A few weeks ago, I was invited to write a sample blog post in order to be considered for an opportunity to write on a volunteer basis for the LDS blog, Sugardoodle.

With this in mind, I thought that I could share with all of you what I submitted:

Eating disorders, like a lot of things in life, aren't exactly predictable.

During my sophomore year of high school, I decided that I was done with feeling embarrassed by my body and the extra pounds it carried. As a result, I started a strict diet that only allowed me to eat about 1,700 calories a day. Within two months I had lost 40 pounds and reached, what I thought to be, my ideal body weight. For the first time in my life I felt comfortable in my own skin. No matter how much weight I lost, I wasn’t satisfied; I could always lose five more pounds. Eventually, I reached a point where the compliments I had been receiving from friends and family became tinged with worry; but no one could stop me. I realize now that I had become a victim of an eating disorder due to my own warped perceptions of beauty and self-worth. My “diet” controlled every action, thought, and emotion I had; it consumed me, and became my identity.

Pre-eating disorders.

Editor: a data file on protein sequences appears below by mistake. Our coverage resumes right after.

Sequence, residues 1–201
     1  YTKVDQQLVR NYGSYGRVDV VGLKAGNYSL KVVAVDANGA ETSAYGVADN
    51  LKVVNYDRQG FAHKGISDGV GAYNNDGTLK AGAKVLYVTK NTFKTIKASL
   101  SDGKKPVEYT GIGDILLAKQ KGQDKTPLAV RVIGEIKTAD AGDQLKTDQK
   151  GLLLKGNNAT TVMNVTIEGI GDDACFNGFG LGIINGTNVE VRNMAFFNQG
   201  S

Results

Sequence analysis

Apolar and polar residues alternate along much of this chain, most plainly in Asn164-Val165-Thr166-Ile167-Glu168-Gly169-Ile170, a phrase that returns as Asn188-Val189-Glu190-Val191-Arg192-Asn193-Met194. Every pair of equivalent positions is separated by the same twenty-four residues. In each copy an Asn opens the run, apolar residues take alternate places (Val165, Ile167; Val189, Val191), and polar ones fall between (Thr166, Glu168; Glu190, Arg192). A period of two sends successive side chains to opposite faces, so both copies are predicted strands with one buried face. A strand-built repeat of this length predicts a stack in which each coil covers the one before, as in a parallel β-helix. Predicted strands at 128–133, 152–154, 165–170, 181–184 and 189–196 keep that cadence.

I still can't believe I thought this was fat.

 A few months later, I became depressed due some drama at school within my circle of friends. Almost immediately I turned to food as my medication of choice, and shortly thereafter, I developed what would become another eating disorder. The sadder I became, the more I ate. The weight that I had worked so hard to lose (plus a little extra), came back within a month’s time and the depression that followed resulted in even more eating. No matter what I tried, I couldn’t stop myself--food was my escape from reality.

For the longest time I felt that it was my fault that I couldn’t control my eating because I was weak and too miserable to change. Luckily, I met with a doctor who helped me realize that an eating disorder is a mental disease with physical implications. It isn’t just a matter of not eating or eating more; it’s an addiction, a state of being.  He once compared an eating disorder to a person with Diabetes (which I have) by explaining that just as you can’t tell a Diabetic to make insulin on their own, you can’t talk someone out of an eating disorder. It takes time, therapy, medication, meditation, and patience for change to occur.

Over the years, I’ve thought a lot about how and why I came to have an eating disorder in the first place. I've come to the conclusion that it didn’t come from a single source, but many. In both instances, I felt inadequate. I was angry that no matter what I did, I would never be good enough. I guess I believed what society told me: that my value lay in the number on a scale, the calories on a box, or the size on a clothing tag.  Even though it’s been two years since my last relapse, I know that my eating disorder is an intrinsic part of who I am, shaping my thoughts, opinions of myself and, at times, how I interact with others. However, through the support of my loved ones, the blessings of the Atonement, and the love of my Father in Heaven, I know that we're never really alone during the trials placed before us.

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